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Housing commission wrong on licensing

Sally Walmsley
Written by Sally Walmsley

Proposals to make it easier for London boroughs to introduce landlord licensing schemes will do nothing to root out criminal landlords.
That’s the warning from the Residential Landlords Association (RLA) in response to a new report on housing in the capital out today.
The London Housing Commission recommends that Ministers should give boroughs the power to create their own landlord licensing schemes.

Proposals to make it easier for London boroughs to introduce landlord licensing schemes will do nothing to root out criminal landlords.

That’s the warning from the Residential Landlords Association (RLA) in response to a new report on housing in the capital out today.

The London Housing Commission recommends that Ministers should give boroughs the power to create their own landlord licensing schemes.

However the RLA argues that such schemes are a waste of time and money since criminal landlords who cause misery for tenants never make themselves known. Ministers have previously dubbed licensing schemes a: “tenants’ tax”.

Instead, the RLA is calling for councils across London to use the powers already available to have the large majority of good landlords regulated by a single, robust industry-run scheme leaving authorities free to better target criminal landlords who operate under the radar.

Commenting on the recommendation, RLA Chairman, Alan Ward said: “We all want to see criminal landlords rooted out of the sector but making licensing easier for councils is not the answer.

“No criminal landlord ever makes themself known willingly. Licensing only increases the time councils spend administering the scheme when they could instead be devoting those resources to finding criminal landlords.”

While opposing licensing the RLA welcomes the report’s calls for more public sector land to be freed up for the development of new private rental properties.

Independent research for the RLA has found 46% of landlords would be interested in developing new housing on smaller plots of unused public sector land if it were already identified and made available for such development.

Mr Ward added: “We welcome the focus that the Commission has on boosting the supply of homes to rent. Ultimately it is only by tackling the housing shortage that high rents can be addressed.

“It is vital though that any moves to increase the supply of rental housing recognises that the vast majority of landlords are, and will continue to be, individuals rather than big corporate bodies.”

In March 2015 the Government announced plans to ensure councils have to seek permission from the Government where they want to introduce a landlord licensing scheme covering more than 20% of their areas. For information click here.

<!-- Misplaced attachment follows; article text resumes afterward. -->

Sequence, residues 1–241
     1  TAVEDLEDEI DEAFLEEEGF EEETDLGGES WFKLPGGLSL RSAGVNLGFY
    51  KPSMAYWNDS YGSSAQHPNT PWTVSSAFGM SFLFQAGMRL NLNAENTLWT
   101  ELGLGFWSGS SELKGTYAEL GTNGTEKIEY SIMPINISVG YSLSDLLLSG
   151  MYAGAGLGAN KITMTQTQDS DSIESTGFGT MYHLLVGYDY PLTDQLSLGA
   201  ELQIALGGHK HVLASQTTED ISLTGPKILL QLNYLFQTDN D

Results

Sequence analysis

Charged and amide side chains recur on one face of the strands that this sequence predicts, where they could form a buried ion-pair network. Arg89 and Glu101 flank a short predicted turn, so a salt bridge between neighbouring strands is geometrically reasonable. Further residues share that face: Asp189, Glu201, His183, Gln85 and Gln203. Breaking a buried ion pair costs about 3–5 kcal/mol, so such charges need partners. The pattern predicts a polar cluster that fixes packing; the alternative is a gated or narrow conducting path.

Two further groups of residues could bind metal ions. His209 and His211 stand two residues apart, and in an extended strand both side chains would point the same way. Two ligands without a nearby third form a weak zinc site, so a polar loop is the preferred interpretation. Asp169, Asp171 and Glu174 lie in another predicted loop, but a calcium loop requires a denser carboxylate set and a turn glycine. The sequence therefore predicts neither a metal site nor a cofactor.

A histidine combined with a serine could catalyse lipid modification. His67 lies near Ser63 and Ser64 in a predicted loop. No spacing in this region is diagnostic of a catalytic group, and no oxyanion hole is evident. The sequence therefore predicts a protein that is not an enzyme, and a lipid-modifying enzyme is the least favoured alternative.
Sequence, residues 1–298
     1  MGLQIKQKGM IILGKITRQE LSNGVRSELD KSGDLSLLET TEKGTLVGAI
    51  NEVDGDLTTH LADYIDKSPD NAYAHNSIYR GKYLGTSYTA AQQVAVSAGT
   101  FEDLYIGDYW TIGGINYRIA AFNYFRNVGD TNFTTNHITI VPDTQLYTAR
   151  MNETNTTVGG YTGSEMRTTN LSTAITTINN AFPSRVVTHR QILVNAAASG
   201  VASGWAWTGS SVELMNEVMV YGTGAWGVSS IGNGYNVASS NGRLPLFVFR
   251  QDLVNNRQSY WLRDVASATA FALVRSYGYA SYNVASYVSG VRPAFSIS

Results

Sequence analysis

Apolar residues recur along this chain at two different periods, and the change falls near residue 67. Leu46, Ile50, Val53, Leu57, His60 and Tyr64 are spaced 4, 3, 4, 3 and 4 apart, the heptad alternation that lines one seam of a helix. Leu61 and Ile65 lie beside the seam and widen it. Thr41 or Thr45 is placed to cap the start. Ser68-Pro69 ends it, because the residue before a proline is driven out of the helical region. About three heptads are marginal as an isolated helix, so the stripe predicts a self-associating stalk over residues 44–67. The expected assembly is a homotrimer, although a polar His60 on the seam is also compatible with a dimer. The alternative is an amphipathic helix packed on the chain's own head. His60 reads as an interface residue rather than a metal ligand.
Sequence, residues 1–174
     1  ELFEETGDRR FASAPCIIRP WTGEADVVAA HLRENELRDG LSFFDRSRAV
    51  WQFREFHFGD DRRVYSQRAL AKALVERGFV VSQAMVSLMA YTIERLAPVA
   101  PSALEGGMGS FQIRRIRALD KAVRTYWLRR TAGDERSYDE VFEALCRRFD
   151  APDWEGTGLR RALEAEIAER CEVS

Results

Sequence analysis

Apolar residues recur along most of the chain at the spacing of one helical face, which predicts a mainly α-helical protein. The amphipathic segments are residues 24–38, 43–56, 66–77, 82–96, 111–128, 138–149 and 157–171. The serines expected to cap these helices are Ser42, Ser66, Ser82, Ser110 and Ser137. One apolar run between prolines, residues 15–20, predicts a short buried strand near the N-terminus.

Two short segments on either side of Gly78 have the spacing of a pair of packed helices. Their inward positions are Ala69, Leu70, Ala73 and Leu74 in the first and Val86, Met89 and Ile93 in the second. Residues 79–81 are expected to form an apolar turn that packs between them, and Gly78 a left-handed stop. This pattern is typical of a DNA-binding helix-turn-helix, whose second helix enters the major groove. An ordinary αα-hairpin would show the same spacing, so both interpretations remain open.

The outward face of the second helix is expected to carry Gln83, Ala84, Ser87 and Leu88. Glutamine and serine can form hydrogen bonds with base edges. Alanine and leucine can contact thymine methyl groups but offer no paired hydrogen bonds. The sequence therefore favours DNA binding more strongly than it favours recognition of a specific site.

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About the author

Sally Walmsley

Sally Walmsley

Sally Walmsley is the Media and Communications Officer for the RLA. With 16 years’ experience writing for regional and national newspapers and magazines she is responsible for producing articles for our Campaigns and News Centre, the weekly E-News newsletter and editorial content for our media partners.

She issues press releases promoting the work of the RLA and its policies and campaigns to the regional and national media and works alongside the marketing team on the association’s social media channels to build support for the RLA and its work.

2 Comments

  • As a landlord I am totally opposed to the scheme – I have suffered at the hands of Newham Council where this scheme was trialled out. As a landlord I had no say in the development of this licensing scheme nor my feedback was included…in fact no consultation took place with the landlords, neither any focus groups were run to seek our views during the pilot stage!

    I found the whole process as one of bringing in extra funds to the pot without the use of legal means e.g when I bought my property about halfway down the year I discovered that I was charged for the previous 6/7 months when the property was owned by the previous landlord. The charge was for a 5 year period, when I am not even sure I will own the property for as long as that – refunds are not permitted by the council and neither payments are charged on a prorata basis.

    The previous landlord too was charged a fee for 5 years in advance when he owned the property for only half of the 1st year. So the council collected two licensing fees from two landlords for the same property and for the same time period!! I complained to the council and the ombudsman but got nowhere with my complaint. However I wasted a lot of my precious time sadly…

    All I can say is that the whole scheme is run on deceitful means and has been put in place to exploit and stress landlords.

  • This proves to me the selective license is about raising money from landlords not about helping tenants, all this is doing is raising rents,where is the money coming from to cover all these charges this is making more bad landlords.
    Reputable landlords are not given a chance
    This is not solving problems it is just making more
    This needs more common sense!!

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